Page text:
Wednesday, September 23, 2009

A Last Gulp of Summer

We're having what some are calling an Indian Summer here right now. It seems a little on the early side for this, because the leaves aren't turning, but it's certainly not a Dog Day, so I'll settle for showing you weird shots of the garden and saying "It's really hot right now and wouldn't you know it but I hauled the soaker hoses out of all my perennial beds and now I'm having to water by hand, ugh."

As I was digging out yet more tomatillos from my tireless tomatillo, I came across this. The husk had disintegrated, leaving the skeleton around the fruit.

There were half a dozen of these things and each one seemed equally mysterious and enchanting. They went immediately to the Greenridge Museum Of Strange Things (along with FDPG's cheezie collection, Dominic's collection of Zebra Pez dispensers, and Max's collection of old chocolate bar wrappers).

I grow sorrel in both the front and the back yard, and we eat a fair bit of it through the summer. It's such a versatile garden green, and last year when I saw a variety of ornamental sorrel (the blood veined one) I bought it, thinking it would be a nice companion piece for the edible green sorrel. I would sit them across the slate path from each other, I thought, and they could be old cronies together. Maybe smile. Wave fronds. Chat occasionally. Well, let's just say that the ornamental sorrel is a piggy piggy space hog. It's seeded itself everywhere. It's even managed to insinuate itself in amongst the Irish moss, and we can't have that, because I am cultivating that Irish moss. It's going to be a path one day: a soft sparkling green carpet gliding under the artfully arranged bench and interesting brickwork next to the beach wood trellis and no it will NOT be a really cool place for Max's HO train to thunder through OR for all that Star Wars Lego to have super wild battles on top of. So while I was digging out all that ornamental sorrel I suddenly thought of this teacup I found at Michael's the other day, in a bin marked "Damaged." It wasn't damaged, although the cup and the saucer seemed to be stuck together, but best of all it was only 98¢. Heck, I thought, it's ornamental too - just like the blood-veined sorrel. So I planted one inside the other. They were made for each other.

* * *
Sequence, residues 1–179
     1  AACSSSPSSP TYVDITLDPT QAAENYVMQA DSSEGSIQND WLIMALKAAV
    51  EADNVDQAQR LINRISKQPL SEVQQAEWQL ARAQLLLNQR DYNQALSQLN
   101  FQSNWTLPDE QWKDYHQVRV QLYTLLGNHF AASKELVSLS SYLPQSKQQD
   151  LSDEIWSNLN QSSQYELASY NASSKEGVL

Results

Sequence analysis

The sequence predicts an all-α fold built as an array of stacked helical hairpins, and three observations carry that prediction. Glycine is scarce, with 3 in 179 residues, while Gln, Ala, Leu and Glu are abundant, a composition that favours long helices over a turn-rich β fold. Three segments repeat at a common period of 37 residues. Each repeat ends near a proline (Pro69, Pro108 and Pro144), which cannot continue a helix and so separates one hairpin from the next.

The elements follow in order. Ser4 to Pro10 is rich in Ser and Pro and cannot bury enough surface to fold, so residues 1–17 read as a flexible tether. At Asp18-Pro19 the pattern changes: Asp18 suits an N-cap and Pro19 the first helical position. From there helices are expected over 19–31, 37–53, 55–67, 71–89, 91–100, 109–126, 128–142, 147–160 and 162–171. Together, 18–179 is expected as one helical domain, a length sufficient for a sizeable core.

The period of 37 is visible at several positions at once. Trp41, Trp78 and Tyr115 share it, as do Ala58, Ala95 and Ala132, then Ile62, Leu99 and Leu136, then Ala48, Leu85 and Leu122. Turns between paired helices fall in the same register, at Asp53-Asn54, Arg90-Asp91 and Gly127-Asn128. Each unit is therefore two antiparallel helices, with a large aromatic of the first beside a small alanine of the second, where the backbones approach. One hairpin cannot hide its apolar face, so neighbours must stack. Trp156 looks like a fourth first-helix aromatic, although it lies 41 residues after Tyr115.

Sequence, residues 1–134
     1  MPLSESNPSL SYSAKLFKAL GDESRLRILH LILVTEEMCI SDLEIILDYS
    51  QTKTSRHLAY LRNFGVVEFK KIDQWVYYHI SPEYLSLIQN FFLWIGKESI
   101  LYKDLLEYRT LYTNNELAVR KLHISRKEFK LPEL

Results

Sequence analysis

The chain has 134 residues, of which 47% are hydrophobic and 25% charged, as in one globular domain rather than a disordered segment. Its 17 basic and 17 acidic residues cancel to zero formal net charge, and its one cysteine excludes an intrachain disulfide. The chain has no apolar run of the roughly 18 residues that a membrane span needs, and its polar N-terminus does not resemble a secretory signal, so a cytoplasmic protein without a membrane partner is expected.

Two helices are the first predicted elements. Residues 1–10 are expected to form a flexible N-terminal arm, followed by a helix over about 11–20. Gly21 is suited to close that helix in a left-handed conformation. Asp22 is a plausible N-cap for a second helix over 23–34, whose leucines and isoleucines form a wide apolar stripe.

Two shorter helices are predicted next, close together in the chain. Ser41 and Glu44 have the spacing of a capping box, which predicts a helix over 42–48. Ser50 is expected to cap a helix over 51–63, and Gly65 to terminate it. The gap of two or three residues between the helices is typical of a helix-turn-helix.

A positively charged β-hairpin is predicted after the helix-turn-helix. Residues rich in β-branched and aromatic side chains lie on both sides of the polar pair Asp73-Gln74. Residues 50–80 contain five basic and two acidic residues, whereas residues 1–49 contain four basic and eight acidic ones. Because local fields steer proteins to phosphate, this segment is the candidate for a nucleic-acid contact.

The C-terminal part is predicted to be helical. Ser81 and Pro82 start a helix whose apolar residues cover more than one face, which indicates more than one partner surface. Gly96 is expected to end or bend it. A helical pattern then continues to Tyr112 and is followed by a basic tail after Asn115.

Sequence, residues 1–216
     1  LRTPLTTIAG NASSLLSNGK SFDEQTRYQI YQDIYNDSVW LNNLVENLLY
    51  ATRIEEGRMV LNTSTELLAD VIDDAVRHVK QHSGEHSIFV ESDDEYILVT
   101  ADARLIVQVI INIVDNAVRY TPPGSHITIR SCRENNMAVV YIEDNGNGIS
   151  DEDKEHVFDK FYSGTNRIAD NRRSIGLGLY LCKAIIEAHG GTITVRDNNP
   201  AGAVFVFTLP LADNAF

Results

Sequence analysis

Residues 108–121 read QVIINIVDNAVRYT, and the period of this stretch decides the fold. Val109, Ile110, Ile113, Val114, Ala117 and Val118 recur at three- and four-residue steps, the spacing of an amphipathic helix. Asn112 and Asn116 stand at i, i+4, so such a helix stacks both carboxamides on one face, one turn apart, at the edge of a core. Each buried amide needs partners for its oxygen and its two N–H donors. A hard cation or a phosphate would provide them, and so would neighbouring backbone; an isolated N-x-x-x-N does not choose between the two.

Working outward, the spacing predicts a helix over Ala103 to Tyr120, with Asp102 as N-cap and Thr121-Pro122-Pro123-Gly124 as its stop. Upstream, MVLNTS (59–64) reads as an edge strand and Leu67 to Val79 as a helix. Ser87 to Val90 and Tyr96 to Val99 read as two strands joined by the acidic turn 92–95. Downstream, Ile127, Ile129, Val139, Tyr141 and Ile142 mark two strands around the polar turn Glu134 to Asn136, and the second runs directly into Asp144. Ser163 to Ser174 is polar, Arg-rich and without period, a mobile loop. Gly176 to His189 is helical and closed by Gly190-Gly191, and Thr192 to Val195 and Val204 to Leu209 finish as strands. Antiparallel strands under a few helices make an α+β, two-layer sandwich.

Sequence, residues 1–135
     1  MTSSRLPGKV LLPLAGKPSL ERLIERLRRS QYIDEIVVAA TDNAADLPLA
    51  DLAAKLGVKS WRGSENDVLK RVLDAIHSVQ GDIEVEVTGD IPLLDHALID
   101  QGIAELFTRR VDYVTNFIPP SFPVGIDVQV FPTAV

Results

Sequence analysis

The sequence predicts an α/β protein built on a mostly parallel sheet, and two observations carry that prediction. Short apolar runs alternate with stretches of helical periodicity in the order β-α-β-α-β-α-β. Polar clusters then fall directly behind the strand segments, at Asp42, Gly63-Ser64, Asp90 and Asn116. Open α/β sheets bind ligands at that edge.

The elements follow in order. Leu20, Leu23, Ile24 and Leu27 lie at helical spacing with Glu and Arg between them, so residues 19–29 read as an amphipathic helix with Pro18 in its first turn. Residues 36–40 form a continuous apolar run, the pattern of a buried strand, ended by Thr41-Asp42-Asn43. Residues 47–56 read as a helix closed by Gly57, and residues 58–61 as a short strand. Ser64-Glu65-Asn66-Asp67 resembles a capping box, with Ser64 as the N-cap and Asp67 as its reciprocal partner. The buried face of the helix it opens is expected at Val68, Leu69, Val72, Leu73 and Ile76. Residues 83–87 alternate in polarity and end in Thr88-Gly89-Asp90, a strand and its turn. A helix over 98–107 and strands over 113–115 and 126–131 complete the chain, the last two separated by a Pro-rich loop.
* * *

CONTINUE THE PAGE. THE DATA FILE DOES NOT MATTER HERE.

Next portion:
My first cantaloupe fell off the vine today. Here it is. You know those pictures of the planets? The ones where they show the various planets sitting next to one another, so you get a sense of their respective sizes? Well, here is my cantaloupe, sitting next to one of my Golden Boy Beefsteak tomatoes. Is that not the biggest cantaloupe you've ever seen?

And no, that is NOT a cherry tomato. Whatever gave you that idea?

We were coming home from a friend's today and I stopped at the local farmer's stand for some corn and saw this: local pop. It's even made in BC, even though it has the word SODA on the label (we Canucks don't usually use that word so I'm wondering if their marketers are American). Do you know how you can tell this is Canadian? Hint: check out the flavour. What other country do you know that has pop in Saskatoon Berry flavours? Ah, my country. So wacky.

Dominic made me buy it because a) it doesn't have HFCS in it, and b) it's called Beaver Soda (he used to be a Beaver so he saw that as a sign that he was meant to drink it).